Americans who work in the government, nonprofit or education sectors are a bit more skeptical about the future of workforce automation than are Americans who work for larger corporations, many medium-sized and even some small business segments.
As was the case for their predictions related to workforce automation in general, workers in government, education and nonprofit sectors seem a bit more confident than those in the private sector that their jobs will exist in their current forms 50 years from now: 86% of these workers expect that this will be the case (including 42% who indicate that their current jobs will “definitely” exist), compared with 79% of those who work for a large corporation, medium-sized company or small business.
When it comes to their general predictions for the future of human employment and workforce automation, roughly two-thirds of Americans expect that within the next 50 years robots, advanced AI software and other forms of automation will do much more of the work currently performed by workers both blue and white collar.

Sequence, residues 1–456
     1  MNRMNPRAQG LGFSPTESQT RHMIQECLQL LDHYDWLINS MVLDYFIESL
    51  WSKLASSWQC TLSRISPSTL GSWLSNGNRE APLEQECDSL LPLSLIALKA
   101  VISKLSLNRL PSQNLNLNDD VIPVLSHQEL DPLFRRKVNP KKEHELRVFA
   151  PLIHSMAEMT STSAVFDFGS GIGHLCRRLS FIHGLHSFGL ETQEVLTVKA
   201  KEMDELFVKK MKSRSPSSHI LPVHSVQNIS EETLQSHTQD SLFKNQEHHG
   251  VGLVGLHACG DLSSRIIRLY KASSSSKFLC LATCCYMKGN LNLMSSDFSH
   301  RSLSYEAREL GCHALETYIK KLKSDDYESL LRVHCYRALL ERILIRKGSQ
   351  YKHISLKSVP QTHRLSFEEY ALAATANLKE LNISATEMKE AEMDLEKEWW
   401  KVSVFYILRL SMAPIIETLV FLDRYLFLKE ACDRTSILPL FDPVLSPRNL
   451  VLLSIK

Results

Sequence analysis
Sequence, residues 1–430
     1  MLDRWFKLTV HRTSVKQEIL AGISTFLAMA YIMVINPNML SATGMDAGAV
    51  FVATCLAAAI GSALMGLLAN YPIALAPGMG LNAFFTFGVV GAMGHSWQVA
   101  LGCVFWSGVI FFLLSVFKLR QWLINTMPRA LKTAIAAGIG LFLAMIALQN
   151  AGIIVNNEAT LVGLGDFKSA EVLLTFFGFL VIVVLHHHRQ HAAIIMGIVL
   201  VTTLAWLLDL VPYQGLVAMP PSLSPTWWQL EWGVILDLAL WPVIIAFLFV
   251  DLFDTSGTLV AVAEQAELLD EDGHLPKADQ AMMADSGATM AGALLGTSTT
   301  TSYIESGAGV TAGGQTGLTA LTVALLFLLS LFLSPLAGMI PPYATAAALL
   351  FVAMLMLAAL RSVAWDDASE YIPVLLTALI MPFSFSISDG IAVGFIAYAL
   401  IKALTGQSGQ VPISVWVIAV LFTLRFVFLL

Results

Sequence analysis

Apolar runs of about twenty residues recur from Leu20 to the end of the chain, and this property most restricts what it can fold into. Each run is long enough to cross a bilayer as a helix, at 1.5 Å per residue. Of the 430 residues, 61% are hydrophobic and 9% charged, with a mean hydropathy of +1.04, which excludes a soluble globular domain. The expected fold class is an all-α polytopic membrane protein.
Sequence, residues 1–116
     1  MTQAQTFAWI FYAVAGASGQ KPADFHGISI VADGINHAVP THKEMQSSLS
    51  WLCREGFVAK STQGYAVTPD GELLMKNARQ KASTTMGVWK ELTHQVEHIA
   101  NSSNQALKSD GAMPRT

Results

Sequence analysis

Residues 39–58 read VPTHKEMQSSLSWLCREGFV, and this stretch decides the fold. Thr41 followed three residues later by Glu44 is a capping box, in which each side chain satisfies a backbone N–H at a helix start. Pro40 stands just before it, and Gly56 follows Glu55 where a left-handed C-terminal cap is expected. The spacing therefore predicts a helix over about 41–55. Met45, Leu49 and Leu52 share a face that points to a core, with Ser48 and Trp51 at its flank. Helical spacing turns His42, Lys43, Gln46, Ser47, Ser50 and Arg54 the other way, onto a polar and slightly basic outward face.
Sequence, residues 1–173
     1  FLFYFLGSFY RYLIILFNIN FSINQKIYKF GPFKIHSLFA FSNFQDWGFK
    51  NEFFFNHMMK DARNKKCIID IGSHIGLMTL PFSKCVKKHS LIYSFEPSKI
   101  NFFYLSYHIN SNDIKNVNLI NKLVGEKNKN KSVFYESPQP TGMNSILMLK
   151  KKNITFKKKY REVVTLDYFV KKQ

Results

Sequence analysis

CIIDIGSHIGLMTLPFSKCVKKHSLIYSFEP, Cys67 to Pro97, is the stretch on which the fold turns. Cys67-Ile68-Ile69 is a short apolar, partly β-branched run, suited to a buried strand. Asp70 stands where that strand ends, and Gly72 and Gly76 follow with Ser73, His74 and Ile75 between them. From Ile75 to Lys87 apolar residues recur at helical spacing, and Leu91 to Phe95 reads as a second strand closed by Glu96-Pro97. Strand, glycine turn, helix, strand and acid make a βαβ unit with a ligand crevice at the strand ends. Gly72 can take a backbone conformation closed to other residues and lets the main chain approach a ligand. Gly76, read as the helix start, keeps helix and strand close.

Yet even as most Americans expect significant levels of workforce and job automation to occur over the next 50 years, most of today’s workers also expressed confidence that their own jobs or occupations will not be impacted to a substantial degree. Many Americans expect workforce automation to become much more prominent over the coming half-century, but relatively few of today’s workers see artificial intelligence and robots as an imminent threat to their specific job prospects.
*Combined landline and cellphone samples are weighted using an iterative technique that matches gender, age, education, race, Hispanic origin and nativity, and region to parameters from the 2013 Census Bureau’s American Community Survey and population density to parameters from the Decennial Census.
**The sample was also weighted to match current patterns of telephone status (landline only, cellphone only or both landline and cellphone), based on extrapolations from the 2014 National Health Interview Survey